The cracks and fissures in the image are still very obvious, though, despite my work in putting each fragment back in its proper place. My next step was to begin digitally restoring the image. Adobe Photoshop provides some powerful tools to accomplish this. My favorite is one called the Spot Healing Brush, which restores damaged areas of a photo based on a contextual understanding of what’s shown in the surrounding, undamaged areas.
The good news is that the tool can restore some pretty serious scratches. The bad news is that you can’t just wave it like a magic wand — you still have to zoom in to each crack or scratch, manually follow the crack, and apply the Spot Healing Brush a little at a time. Especially around peoples’ faces, it’s important to get the details right, otherwise, the final image can come out looking unnatural. If you’re not careful about using Spot Healing, people can end up with multiple sets of eyes, or sprout hands from the heads.
For our glass plate, I zoomed in to full size, manually following each crack and healing it a tiny bit at a time. Again, it’s time-consuming work, but the results are dramatic.
Here’s a section of the plate during the healing process
Apply the same process to the whole plate, and after a few hours, you get this.
It’s not perfect — there are still some cracks visible in high contrast areas, like up in the sky. But it’s much better than the totally fragmented original. This historical photo — which was likely shot over a century ago — is officially back!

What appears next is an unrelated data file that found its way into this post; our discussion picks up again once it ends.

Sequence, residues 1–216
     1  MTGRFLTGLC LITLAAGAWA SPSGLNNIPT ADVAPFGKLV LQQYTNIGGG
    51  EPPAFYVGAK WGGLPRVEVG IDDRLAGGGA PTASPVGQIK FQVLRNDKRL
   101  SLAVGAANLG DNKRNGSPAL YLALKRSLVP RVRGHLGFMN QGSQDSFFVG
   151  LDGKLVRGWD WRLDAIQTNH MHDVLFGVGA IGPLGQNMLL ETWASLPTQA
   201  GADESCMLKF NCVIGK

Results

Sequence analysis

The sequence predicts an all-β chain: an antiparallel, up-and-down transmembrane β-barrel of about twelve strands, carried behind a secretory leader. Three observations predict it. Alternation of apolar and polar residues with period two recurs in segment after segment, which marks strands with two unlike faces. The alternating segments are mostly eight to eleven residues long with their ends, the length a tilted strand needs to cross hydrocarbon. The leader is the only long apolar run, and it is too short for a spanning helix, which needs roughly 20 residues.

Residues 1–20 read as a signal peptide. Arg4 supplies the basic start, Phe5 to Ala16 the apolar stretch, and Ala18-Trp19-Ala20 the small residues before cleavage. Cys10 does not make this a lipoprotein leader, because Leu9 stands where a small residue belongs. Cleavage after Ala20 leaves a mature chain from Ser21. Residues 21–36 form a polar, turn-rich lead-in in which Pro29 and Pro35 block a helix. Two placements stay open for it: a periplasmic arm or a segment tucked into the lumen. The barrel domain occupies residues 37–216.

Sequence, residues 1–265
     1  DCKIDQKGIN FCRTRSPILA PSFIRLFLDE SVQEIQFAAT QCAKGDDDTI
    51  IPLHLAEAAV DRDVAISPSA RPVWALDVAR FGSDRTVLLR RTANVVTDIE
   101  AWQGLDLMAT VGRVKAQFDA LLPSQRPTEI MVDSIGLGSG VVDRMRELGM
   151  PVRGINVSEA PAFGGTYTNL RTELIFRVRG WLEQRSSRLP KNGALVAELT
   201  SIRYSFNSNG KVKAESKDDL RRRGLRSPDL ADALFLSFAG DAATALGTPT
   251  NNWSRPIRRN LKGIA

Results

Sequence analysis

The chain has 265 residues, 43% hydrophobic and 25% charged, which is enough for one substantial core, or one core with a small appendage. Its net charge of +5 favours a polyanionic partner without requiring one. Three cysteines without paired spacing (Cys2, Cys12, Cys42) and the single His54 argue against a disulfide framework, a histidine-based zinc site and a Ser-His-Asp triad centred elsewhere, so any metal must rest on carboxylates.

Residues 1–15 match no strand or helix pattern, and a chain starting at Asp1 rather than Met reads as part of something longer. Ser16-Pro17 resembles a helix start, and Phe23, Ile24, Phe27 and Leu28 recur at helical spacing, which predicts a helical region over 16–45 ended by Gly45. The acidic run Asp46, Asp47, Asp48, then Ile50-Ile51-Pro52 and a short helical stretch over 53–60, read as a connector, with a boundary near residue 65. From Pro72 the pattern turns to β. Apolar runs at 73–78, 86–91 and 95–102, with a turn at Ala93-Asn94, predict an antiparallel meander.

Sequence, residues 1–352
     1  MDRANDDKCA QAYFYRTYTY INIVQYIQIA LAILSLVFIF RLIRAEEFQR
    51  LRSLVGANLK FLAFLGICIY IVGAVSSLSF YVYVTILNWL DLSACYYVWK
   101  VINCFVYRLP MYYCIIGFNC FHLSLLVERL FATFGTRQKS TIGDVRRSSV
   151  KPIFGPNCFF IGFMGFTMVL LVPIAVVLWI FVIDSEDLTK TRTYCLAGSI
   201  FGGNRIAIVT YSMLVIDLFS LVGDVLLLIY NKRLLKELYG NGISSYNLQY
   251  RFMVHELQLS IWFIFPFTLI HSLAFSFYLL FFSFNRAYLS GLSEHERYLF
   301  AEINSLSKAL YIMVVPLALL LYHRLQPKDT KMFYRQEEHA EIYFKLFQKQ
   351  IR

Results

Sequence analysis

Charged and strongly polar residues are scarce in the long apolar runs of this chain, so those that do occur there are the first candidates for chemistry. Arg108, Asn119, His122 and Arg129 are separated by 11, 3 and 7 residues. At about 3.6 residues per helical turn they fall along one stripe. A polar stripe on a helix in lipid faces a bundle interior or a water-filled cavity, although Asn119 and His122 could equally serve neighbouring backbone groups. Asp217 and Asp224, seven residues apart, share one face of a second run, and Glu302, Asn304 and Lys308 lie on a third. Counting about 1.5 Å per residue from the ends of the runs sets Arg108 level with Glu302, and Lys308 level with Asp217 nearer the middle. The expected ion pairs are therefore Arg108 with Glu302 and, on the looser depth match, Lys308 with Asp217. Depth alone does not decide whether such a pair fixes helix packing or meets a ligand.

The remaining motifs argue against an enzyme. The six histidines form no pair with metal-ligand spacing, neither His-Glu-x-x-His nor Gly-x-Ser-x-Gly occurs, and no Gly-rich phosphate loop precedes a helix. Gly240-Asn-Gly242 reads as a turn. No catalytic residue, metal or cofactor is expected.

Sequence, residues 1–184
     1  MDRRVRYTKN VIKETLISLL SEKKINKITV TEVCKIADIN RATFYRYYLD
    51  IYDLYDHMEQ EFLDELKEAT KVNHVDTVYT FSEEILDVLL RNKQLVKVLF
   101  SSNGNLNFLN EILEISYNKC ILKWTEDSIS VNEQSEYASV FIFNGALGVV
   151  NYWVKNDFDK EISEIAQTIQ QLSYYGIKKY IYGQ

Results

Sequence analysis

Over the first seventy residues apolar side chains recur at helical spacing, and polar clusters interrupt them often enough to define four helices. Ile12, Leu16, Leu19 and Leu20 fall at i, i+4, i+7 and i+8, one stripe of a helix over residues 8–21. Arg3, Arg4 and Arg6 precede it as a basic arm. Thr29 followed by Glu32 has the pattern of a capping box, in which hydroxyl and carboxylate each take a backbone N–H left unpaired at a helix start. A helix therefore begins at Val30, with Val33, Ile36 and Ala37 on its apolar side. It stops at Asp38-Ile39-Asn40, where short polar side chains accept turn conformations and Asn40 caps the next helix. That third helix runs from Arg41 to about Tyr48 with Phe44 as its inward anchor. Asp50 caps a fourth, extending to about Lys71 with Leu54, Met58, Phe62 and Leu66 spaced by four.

Again, glass plates contain so much detail that you can zoom into the image, pulling out crisp portraits of the people depicted. In this detailed view, you can see the ornate details on one person’s hat, and the patterns around the lapel of their coat.
My next step was to determine exactly where the photo was shot. The statues in the background look distinctive, so I started by looking for images of statues in the Sutro Heights area from the same time period. I found this shot from the Western Neighborhoods Project showing the exact same location. It’s the carriage circle in Sutro Heights, which is now Sutro Heights Park. SFGate has a fascinating story about the park’s history.
It’s amazing to start with fragments of glass and end up with a verifiable chunk of San Francisco’s past, linked to a specific location in the city and a specific historical site. It’s all the more amazing that this likely represents a piece of the history of the city’s rich Asian American community. The original plate was labeled as showing “a Japanese family.” It’s impossible to verify exact ethnicities or countries of origin for people a century later, but if the original caption is accurate, it makes the plate all the more important to preserve.
As a final step, we’ll often use machine colorization to add some color back into historical images. There’s no guarantee that the colors will be accurate, but it still helps to imagine what the scene might have looked like back when the photo was originally shot and to further bring the photo back to life.
Now that the negative is digitally restored, my company will secure the fragments of the original plate as best as we can, and preserve them in perpetuity in our own archive. This piece of SF history isn’t quite as well-preserved as it would have been if the original plate had survived. But with dedication (and hours of Photoshop time), it’s quite close.